Of Babalon is the third offering from black metal duo the Howling Wind: Ryan Lipynsky on vocals, guitars, and bass (ex-Unearthly Trance and Thralldom) and Tim Call on drums (Aldebaran). What the band assemble here is an occult concept recording based on Aleister Crowley's Thelema System teachings on the Lady Babalon and her consort, the great beast Chaos. Fans of conceptual black metal will get loads from this, and the lyrical debate in this re-telling of Crowley's tale will be rich. For the rest of us, it's the music that matters and the Howling Wind deliver big. Recorded by Colin Marston (Krallice, Dysrhythmia, Gorguts) THW have been influenced by Celtic Frost in terms of sonics, attack, and the layered density of sound, but they are ultimately their own animal; this is a particularly American breed of black metal, far more virtuosic and precise than its European counterpart. While things commence slowly and deliberately in the intro to album-opener "The Seal Upon the Tomb," Lipynsky's guitars and basses quickly knot the center with a repetitive riff and slow, yet aggressive leads, even as Call's drums are a constant thrum of floor toms and bass drum. Lipynsky's vocals are guttural to be sure, but lyrics are discernible in this mix -- dig the atmospheric low chants in the backdrop."Scaling the Walls" begins as a four-note riff ringing in the middle register to accompany his unhinged screaming, but it's the bass and drums that ratchet things up to white-heat chaos. While they never lose the precision, they come very close to letting it all unravel. The syncopated rhythmic thrust in "Abominations and Filth" is complete with power chords, angular high-string staccato squalls, and sheer physical force from Call's stellar drumming. The real punisher here, however, is "Graal," whose twin range of guitars, poured-in basslines, and constant blastbeats are unrelenting. Of Babalon is the most advanced musical statement from this crew yet. The American black metal scene is dotted with excellent outfits to be sure, though many of them are more progressive in nature. The Howling Wind prove here that despite instrumental prowess and conceptual unity, they clearly embody the truly black in black metal.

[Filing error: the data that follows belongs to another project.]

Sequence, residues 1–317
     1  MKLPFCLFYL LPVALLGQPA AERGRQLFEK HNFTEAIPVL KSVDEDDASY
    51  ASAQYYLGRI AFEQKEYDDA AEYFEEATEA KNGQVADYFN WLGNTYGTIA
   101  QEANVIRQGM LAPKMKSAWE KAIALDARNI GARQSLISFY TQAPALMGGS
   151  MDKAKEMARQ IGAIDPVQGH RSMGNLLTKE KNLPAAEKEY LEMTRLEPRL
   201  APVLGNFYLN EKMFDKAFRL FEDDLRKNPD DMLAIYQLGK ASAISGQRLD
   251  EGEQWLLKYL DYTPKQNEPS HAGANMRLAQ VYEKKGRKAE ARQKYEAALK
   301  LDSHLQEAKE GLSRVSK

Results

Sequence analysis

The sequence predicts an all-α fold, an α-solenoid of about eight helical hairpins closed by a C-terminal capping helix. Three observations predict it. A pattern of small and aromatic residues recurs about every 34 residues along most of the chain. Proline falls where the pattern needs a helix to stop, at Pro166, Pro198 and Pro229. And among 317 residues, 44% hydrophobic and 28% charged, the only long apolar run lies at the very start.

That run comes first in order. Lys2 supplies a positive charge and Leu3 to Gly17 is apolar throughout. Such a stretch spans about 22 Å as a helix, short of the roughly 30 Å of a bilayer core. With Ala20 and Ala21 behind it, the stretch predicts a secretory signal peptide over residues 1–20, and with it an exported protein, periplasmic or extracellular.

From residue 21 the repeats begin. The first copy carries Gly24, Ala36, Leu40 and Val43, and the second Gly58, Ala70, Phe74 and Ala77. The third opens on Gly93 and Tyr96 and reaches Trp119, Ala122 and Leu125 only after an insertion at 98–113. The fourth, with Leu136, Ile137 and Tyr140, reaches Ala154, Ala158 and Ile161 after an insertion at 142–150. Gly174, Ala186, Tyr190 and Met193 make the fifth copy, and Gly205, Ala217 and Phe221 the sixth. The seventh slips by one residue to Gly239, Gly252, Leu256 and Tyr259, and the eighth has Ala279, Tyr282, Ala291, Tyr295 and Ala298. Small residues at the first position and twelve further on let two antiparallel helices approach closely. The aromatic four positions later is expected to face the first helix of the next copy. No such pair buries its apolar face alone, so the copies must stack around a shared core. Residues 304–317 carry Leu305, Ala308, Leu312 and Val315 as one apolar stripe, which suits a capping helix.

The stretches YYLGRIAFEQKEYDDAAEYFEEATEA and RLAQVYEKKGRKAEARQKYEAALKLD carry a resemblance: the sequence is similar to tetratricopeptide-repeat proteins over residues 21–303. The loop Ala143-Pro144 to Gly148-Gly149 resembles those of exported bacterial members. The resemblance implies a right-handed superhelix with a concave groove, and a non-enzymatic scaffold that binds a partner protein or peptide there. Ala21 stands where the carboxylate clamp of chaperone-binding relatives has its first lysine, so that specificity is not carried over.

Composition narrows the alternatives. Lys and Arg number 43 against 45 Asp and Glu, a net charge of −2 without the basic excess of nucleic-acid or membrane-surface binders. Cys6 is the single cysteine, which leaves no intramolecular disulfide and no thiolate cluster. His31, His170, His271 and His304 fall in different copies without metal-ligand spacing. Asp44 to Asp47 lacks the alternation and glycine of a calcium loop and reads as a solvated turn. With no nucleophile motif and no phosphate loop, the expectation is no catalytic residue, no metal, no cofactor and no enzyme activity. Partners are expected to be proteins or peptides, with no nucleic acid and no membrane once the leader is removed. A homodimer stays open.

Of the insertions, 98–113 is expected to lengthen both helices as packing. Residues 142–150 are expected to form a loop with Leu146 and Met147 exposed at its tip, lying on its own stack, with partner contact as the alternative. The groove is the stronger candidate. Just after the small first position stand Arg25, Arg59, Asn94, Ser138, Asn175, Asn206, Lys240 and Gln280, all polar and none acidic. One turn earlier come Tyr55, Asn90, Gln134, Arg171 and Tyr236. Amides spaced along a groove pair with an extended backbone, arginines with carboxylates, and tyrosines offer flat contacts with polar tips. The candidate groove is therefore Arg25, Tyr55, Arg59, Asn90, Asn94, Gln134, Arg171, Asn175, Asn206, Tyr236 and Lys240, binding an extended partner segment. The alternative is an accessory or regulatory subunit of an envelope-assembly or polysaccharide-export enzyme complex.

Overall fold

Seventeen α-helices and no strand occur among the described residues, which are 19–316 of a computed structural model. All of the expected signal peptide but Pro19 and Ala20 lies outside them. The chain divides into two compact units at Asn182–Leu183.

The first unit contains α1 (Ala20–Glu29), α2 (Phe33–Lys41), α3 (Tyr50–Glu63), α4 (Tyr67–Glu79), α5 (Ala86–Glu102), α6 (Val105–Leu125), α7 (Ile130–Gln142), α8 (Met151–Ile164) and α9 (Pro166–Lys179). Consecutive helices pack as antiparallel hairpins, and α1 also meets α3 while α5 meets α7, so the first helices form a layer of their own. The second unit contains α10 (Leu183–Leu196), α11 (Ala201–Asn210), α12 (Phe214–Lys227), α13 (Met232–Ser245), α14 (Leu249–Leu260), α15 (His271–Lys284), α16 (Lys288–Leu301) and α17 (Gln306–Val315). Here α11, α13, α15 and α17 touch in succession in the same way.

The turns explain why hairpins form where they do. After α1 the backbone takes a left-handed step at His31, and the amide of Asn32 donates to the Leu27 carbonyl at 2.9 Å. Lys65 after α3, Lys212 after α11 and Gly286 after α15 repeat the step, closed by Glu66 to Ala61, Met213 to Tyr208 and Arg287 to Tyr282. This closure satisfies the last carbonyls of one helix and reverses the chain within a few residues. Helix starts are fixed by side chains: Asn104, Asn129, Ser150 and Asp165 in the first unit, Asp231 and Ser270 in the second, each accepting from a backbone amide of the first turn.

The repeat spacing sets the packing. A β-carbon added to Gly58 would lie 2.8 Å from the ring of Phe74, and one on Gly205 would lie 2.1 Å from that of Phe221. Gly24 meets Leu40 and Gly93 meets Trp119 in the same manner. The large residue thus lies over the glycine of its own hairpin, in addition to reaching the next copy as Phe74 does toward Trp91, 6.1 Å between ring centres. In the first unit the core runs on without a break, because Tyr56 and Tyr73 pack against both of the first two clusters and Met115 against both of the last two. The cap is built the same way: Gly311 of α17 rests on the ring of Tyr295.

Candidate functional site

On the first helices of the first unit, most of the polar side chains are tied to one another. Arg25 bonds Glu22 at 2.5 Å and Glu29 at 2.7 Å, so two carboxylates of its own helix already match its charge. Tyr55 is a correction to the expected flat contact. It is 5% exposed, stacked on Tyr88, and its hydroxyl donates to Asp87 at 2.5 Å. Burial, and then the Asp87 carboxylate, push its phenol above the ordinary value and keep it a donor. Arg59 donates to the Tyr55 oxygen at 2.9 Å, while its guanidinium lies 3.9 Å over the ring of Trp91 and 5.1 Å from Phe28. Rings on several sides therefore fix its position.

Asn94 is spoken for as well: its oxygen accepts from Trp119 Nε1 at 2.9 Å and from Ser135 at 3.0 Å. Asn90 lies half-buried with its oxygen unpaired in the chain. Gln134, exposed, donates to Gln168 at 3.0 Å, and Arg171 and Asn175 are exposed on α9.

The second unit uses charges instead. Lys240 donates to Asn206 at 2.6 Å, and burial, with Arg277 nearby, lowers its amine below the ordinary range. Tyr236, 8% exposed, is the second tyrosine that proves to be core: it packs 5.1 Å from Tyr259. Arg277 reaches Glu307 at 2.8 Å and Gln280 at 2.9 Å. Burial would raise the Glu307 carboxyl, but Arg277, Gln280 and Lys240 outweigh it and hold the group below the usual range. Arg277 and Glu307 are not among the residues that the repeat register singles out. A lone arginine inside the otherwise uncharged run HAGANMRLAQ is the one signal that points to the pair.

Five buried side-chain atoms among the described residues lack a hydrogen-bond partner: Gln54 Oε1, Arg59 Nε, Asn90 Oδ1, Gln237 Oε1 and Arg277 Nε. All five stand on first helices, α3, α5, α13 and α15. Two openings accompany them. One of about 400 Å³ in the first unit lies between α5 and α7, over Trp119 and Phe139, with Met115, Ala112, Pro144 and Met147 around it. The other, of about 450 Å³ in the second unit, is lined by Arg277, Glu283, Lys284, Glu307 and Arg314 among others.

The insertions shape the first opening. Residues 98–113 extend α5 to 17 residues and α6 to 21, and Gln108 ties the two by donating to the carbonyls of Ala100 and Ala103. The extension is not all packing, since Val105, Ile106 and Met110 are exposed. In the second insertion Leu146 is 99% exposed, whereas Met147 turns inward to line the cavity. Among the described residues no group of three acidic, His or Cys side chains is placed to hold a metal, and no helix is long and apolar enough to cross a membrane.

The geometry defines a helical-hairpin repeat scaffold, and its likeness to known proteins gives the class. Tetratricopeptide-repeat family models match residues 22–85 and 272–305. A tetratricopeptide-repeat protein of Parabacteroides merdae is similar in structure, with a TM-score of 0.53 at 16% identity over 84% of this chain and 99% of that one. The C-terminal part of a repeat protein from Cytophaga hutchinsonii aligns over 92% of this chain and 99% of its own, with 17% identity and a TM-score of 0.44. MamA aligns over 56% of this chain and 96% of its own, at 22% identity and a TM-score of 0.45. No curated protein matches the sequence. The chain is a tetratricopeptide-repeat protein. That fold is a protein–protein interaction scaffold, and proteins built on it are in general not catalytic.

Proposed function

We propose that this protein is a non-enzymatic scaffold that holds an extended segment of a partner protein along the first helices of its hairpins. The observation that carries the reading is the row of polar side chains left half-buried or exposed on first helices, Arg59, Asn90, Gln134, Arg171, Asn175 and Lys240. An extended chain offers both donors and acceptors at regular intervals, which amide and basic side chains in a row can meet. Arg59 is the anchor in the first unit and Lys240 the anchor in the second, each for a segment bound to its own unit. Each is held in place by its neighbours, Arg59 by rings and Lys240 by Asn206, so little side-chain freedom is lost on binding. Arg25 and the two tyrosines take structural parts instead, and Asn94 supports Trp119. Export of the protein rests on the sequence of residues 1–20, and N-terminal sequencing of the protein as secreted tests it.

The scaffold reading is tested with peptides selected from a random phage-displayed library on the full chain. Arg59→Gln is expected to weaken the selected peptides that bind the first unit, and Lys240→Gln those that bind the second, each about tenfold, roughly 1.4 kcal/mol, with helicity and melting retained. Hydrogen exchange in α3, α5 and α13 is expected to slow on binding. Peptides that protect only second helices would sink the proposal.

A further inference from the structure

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AllMusic Review by Thom Jurek